ne bullet grazed his elbow, but a second lodged in the back of
President James Garfield,
who was shot JULY 2, 1881, as he waited in a Washington, D.C., train station.
The assassin was Charles Guiteau, a free-love polygamist who had been a member the communist cult called "Oneida Community."
President James Garfield
had been in office only four months.
Though not wounded seriously, unsterile medical practices trying to remove the bullet resulted in an infection.
Alexander Graham Bell devised a metal detector to locate the bullet, but the metal bed frame confused the instrument.
Two months before his 50th birthday,
died on September 19, 1881.
The next day, Secretary of State James Blaine wrote James Russell Lowell, U.S. Minister in London:
James A. Garfield
, President of the United States, died ...
For nearly eighty days he suffered great pain, and during the entire period exhibited extraordinary patience, fortitude, and
. Fifty millions of people stand as mourners by his bier."
Vice-President Chester Arthur
assumed the Presidency and declared a National Day of Mourning, September 22, 1881:
"In His inscrutable wisdom it has pleased God to remove from us the illustrious head of the nation,
James A. Garfield
, late President of the United States ...
It is fitting that the deep grief which fills all hearts should manifest itself with one accord toward the Throne of Infinite Grace ... that we should
bow before the Almighty
... in our affliction."
Prayers and Presidents-Inspiring Faith from Leaders of the Past
had been a Disciples of Christ preacher at
Franklin Circle Christian Church
Biographer Frank H Mason wrote in "The Life and Public Services of James A. Garfield, Twentieth President of the United States" (Bret Harte Publisher: London, Trübner & Co., 1881):
"(Garfield) delivered his powerful and convincing sermons from the pulpit with the consent and encouragement of the Church authorities."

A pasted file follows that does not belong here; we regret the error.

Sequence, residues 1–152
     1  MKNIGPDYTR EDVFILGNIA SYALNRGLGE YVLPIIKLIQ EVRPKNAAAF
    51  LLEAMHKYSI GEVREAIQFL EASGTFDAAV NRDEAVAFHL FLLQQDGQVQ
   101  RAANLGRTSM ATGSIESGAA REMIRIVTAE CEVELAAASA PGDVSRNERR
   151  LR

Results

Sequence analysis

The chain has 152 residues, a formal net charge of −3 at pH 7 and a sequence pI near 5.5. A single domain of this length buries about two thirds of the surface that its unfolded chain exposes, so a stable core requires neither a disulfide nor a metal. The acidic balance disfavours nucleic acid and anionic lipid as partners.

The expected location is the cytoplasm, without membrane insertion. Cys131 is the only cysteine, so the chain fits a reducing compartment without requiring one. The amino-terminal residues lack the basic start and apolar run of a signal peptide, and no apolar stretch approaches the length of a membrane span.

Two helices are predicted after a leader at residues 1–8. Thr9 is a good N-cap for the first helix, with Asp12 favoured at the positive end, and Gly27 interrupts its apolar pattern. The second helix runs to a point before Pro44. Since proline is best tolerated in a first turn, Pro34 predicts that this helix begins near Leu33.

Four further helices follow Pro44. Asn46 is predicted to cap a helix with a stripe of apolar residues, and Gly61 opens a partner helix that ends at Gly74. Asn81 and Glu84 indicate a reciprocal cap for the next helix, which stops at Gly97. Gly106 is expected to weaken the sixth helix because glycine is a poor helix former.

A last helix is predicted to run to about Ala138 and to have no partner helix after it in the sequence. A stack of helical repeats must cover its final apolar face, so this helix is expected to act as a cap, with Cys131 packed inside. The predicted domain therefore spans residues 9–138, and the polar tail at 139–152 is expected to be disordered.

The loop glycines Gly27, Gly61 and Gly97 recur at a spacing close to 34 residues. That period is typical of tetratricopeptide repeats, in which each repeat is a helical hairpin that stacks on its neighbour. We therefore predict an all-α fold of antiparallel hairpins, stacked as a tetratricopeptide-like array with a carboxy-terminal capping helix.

was principal of Western Reserve Eclectic Institute (Hiram College), 1857-1860, during which time
he defended creation
in a debate against evolution.
Mason wrote that Garfield:
"completely overwhelmed his opponent, who, after that defeat, abandoned his theory and gave up the fight against the inspiration of the Bible."
became a lawyer in 1861, and a Major General during the Civil War.
Elected to Congress,
despised fiat paper "Greenbacks,"
supporting instead gold-silver backed currency.
Elected a U.S. Senator,
gave a stirring speech at the 1880
Republican National Convention
opposing the rule that all delegates from each State were required to vote for the candidate with the majority of delegates:
"There never can be a convention ... that shall bind my vote against my will on any question whatever."
won the crowd. In an unprecedented move, after 34 ballots,
he was chosen as the Republican Presidential nominee
over Ulysses S. Grant seeking a 3rd term.
stated in his Inaugural Address, March 4, 1881, just 200 days before his death:
"Let our people find a new meaning in the divine oracle which declares that 'a little child shall lead them,' for our own little children will soon control the destinies of the Republic ...
Our children ... will surely bless their fathers and their fathers'
that the Union was preserved, that
slavery was overthrown, and that both races were made equal before the law
Get the book America's God and Country Encyclopedia of Quotations
Republican President James Garfield
appointed African-Americans to prominent positions:
*Frederick Douglass, recorder of deeds in Washington;
*Robert Brown Elliot, special agent to the U.S. Treasury;
*John M. Langston, Haitian minister; and
*Blanche K. Bruce, register to the U.S. Treasury.
appointed as U.S. Minister to Turkey the Civil War
General Lew Wallace,
author of the famous novel
Ben-Hur-A Tale of Christ.
described Otto von Bismark, who united German and served at its first Chancellor, 1871-1890:
"I am struck with the fact that Otto von Bismarck, the great statesman of Germany, probably the foremost man in Europe today, stated as an unquestioned principle, that the support, the defense, and
propagation of the Christian Gospel
is the central object of the German government."
Otto von Bismark
saw the danger of socialism and instituted Germany's Anti-Socialist Laws in 1878.
Kaiser Wilhelm II
to resign it precipitated World War I.
As a Congressman,
had stated at the 100th anniversary of the Declaration of Independence, July 4, 1876:
"Now more than ever before,
responsible for the character of their Congress.
If that body be ignorant, reckless, and corrupt, it is because the people tolerate ignorance, recklessness, and corruption.
If it be intelligent, brave, and pure, it is because the people demand these high qualities to represent them in the national legislature ...
If the next centennial does not find us a great nation ...
it will be because
those who represent
the enterprise, the culture, and
the morality of the nation do not aid in controlling the political forces."